We finally left the Seattle yesterday, and we woke up today in Kennewick, WA. The striking backdrop of water, immediate forested hills and not so distant snow  capped mountains in every direction has now given way to flat stretches to the horizon of scorched brown grassland. In fact yesterday morning our hotel reservation was for Wennatche on the east face of the Cascades. That is, until we looked up the status of the multiple wildfires that were raging in the area…..much like when we left the Baja Coast of Mexico in May and crossed into drought ridden California. For us a small bump in the road. For the people in the communities where the fires rage it’s devastating.

It’s been a couple weeks since I have posted. Mostly that’s because we made the call to stay longer in Seattle and do a low-key gumshoe approach to trying it out for size and seeing how it feels as a place to someday plant a part-time flag. A mundane approach and not all that noteworthy to others. Partly because of another bump…one on my tongue that, although I have never smoked or chewed tobacco, had to be dealt with, removed, and hopefully ruled out. Thankfully it was, and yesterday the two stitches left where the bump had been were removed. We pulled out of the parking lot in our road formation (Traci and I in the front seat of the Blazer….Bubba, Lucy and Chuckie in their crates lined up in the back seat), headed east, and here we are Kennewick.

Having spent extra time in Seattle we probably won’t go to Glacier National Park this trip. We’ll get there next time as we hope to be back in this area soon enough.  Tonight we’ll land in Couer d’ Alene and then on to Missoula, etc……unless there’s another bump in the road. People don’t often consider Mike Tyson a great thinker, but even he once said “everyone has a plan ’till they get punched in the mouth”. If need be we’ll adjust. For now it’s back to soaking up each moment of the adventure.



You can always access posts that predate this platform at http://www.maketrackstravle.blog.com


The Best Laid Plans……

We set out May 15th on a road trip that would encompass four and a half months, two countries, four time zones, and well over 6000 miles.  When you are travelling with all your belongings and your cats in your car….how does that work? Well it started with (literally) an excel spreadsheet that covered 5/15 through 10/1 and showed literally:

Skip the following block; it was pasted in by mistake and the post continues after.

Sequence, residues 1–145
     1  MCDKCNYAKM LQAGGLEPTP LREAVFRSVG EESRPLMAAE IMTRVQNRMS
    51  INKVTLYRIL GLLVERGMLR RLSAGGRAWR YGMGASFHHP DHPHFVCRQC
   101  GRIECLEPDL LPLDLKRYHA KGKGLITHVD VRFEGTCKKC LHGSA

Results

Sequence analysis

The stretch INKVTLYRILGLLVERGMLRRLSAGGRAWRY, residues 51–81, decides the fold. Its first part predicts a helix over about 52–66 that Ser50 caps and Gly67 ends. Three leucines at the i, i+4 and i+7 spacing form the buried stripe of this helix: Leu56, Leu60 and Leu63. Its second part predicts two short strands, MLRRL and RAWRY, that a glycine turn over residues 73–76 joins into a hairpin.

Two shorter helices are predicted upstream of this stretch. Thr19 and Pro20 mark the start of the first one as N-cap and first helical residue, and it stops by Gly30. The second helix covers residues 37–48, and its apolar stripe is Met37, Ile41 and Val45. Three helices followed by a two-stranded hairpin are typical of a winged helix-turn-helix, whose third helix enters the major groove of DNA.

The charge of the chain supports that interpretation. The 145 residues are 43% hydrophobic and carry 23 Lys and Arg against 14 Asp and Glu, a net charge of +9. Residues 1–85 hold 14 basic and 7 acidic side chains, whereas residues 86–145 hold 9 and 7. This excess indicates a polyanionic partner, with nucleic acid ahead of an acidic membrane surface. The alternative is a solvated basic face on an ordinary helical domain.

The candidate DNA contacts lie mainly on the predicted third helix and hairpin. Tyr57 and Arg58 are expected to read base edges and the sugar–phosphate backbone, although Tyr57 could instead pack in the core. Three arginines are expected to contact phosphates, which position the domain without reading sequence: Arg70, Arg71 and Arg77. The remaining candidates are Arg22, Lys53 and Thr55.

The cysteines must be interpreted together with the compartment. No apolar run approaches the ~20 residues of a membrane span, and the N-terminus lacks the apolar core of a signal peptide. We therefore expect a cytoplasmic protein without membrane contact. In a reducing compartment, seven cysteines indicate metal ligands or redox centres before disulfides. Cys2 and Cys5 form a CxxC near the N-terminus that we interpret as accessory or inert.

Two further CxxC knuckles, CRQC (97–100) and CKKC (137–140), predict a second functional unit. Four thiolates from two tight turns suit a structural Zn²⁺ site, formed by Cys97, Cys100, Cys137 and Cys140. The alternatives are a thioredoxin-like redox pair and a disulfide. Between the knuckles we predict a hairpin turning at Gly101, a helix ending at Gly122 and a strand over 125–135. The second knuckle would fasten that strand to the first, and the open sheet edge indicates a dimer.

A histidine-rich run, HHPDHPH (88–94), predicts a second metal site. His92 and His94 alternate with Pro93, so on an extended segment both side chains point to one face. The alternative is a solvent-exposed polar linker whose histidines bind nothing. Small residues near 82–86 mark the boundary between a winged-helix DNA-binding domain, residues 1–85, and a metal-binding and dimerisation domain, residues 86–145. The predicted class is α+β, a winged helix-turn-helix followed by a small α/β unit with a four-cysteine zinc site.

1) where we would start each day (2) how many miles we would travel that day (3) and where we would stay that night. That last point needed to be a mix of rental houses  and hotel rooms.

Why rental homes? They allow stability and normalcy. Nobody wants to spend every night for over four months in hotel rooms…..with cats. You need a place to relax, to stretch out, and a base from which to explore. You need a break from the road. You need a place to put some groceries and cook a homemade meal. You need a place to hang your hat for more than a night….and not have to put it back on the next morning

Why hotel rooms? They allow flexibility. When strung together a run of hotel stays let you reflect, reassess, and adjust your schedule. A hotel reservation can be cancelled on short notice and another can be picked up another time anywhere…..or anywhere you are or can get to. It would feel unsettling to most people. It feels like freedom and adventure to us.

We are currently in the middle of a two week stretch renting an old craftsman home in the Mt Baker neighborhood of Seattle. The neighborhood lies within the city limits. It’s a nice peaceful neighborhood with a park that leads to Lake Washington and has a nice neighborhood bistro. However it’s not within walking distance of downtown or it’s waterfront. It’s set apart from the beat of the city…which is great if that’s what you want.

Seattle is a beautiful city and a place where we could picture planting a flag at some point. A condo we could base in for the summer and rent out when we’re not there? Possibly. It’s never too hot in the summer. It’s green and lush.  Everywhere you look there’s water and a view of snow-capped mountain peaks. Vancouver Island and the San Juan’s are a short ferry ride away. It’s politically progressive and sociologically diverse. It very well feels like our kind of city and that is always how we have felt when we have visited before……so now’s our chance to find out……right?

Between the location of the house we rented and the time Traci has been spending working on a freelance project we haven’t really gotten to explore Seattle the way like to explore a city, and that’s on foot.  So what do we do now when we have to move out of the craftsman rental Saturday, Traci has a good three days of work left, and we like being in Seattle.

The excel spreadsheet shows an upcoming string of hotel reservations and a mid-trip stay in Denver of longer than we need (lived there five years and there’s no need for exploration). Time to reassess, flex our flexibility, and tweak that spreadsheet.